Vaccinations are key to pre-pandemic life
By Jennifer Dunlay
Johnson County health officials say that getting a COVID-19 vaccine is the important step we can take to control the spread of the virus and get us back to pre-pandemic life.
Adults age 65 and older are leading the way. More than 72% of adults age 65-79 and nearly 80% of adults over age 80 were vaccinated in Johnson County by early June.
“The vaccines are working. Cases and deaths have dropped significantly in in our senior adult population since we started vaccinating them in December,” says Dr. Sanmi Areola, director the Johnson County Department of Health and Environment (JCDHE).
Cases of COVID-19 in adults age 60 and older now make up less than 15% of the weekly cases in Johnson County and clusters of cases at senior living facilities are few and far between, according to Areola. Around the third week of December, when COVID-19 cases were at their highest in Johnson County, there was an average of seven deaths per day due to COVID-19. In May, Johnson County had only 10 reported COVID-19 deaths, all in unvaccinated individuals, during the entire month, according to the Kansas Department of Health and Environment.
According to Areola, nearly all of the county’s COVID-19 infections are occurring in people who are not vaccinated. He’s grateful there are several vaccines available that are safe and highly effective at preventing severe illness, hospitalization and death from COVID-19.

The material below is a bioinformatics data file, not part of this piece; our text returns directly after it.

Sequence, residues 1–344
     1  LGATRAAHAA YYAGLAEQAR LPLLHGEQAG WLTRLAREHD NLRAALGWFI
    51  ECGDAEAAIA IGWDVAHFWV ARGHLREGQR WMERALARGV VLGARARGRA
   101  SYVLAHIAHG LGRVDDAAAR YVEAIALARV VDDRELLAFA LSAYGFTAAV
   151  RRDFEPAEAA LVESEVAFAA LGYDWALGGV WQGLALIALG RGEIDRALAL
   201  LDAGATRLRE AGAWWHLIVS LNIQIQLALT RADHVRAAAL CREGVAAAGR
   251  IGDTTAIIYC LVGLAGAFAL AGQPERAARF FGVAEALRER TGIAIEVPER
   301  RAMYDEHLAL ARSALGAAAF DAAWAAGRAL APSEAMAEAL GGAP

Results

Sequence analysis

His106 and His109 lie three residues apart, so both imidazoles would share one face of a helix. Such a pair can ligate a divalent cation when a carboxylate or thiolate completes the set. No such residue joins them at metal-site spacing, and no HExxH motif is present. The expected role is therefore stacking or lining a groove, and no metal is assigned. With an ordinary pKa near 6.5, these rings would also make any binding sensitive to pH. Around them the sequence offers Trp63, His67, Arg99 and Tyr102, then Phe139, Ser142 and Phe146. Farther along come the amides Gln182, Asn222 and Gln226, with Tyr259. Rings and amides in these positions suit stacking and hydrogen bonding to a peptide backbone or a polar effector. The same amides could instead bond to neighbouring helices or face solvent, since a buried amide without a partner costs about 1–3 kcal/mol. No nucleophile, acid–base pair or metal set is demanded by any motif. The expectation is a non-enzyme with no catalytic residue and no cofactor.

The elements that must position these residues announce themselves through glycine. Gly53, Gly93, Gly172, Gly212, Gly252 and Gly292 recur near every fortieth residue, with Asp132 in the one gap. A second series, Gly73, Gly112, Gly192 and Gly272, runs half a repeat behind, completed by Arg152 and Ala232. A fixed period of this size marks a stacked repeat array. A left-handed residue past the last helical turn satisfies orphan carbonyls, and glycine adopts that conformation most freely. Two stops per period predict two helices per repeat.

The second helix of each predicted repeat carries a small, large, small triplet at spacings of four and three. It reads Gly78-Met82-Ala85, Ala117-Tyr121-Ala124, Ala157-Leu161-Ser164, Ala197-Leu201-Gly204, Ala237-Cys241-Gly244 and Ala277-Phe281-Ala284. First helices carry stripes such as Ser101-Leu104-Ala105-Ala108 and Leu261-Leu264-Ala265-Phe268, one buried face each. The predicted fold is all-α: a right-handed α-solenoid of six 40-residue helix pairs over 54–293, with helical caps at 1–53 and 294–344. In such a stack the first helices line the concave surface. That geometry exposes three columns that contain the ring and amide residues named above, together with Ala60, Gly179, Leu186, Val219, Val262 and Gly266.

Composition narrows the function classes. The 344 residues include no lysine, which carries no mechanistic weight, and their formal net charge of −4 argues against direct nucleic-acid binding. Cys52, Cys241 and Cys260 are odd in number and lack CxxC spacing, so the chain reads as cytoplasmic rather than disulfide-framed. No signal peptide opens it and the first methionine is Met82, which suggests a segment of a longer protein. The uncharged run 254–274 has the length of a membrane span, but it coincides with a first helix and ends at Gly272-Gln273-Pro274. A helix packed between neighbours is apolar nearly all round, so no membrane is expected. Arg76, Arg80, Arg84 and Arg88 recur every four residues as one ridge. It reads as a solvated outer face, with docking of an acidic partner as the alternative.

“It is our responsibility to get ourselves vaccinated so we can resume traveling, getting together with family and friends and dining at restaurants with some confidence that we are protected,” he adds.
Getting vaccinated has other advantages, too. Fully vaccinated people (two weeks after the second dose of the Pfizer or Moderna vaccine or two weeks after the one-dose Johnson & Johnson vaccine) can resume activities without wearing a mask or physically distancing, except where required by law or as determined by a local business or workplace. Areola says unvaccinated individuals still need to take precautions, like wearing a mask, frequent handwashing and avoiding crowds.
“Stopping a pandemic requires using all the tools we have available,” he adds. “There is light at the end of the tunnel, but we need more of our population to get vaccinated before we can claim victory.” Areola would like to see 75% or more of the county’s eligible population to be vaccinated for COVID-19 by the end of the summer.
The COVID-19 vaccine is available for free to anyone age 12 and older at JCDHE’s vaccination clinic located at 15500 W. 108th St. in Lenexa through July 31. JCDHE offers both the Pfizer and Moderna vaccines at its clinic. These are two-dose vaccines given three or four weeks apart.
Vaccines are given by appointment or during walk-in hours: jocogov.org/coronavirus-covid-19-update. You can also find a vaccine provider near you by texting your ZIP code to 438829, searching vaccines.gov or calling 1-800-232-0233.
Individuals without internet access or who need assistance scheduling a vaccine appointment, can call the county’s hotline at (913) 715-2819. Spanish speakers are available. Learn more about the COVID-19 vaccines: cdc.gov/coronavirus/2019-ncov/vaccines/index.html.
Jennifer Dunlay is risk communicator at the Johnson County Department of Health and Environment.